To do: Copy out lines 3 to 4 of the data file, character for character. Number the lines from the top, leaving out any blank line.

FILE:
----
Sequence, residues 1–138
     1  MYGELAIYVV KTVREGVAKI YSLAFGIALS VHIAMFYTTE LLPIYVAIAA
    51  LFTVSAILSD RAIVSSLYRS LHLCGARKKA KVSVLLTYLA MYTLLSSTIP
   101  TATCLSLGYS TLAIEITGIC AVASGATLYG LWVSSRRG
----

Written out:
    51  LFTVSAILSD RAIVSSLYRS LHLCGARKKA KVSVLLTYLA MYTLLSSTIP
   101  TATCLSLGYS TLAIEITGIC AVASGATLYG LWVSSRRG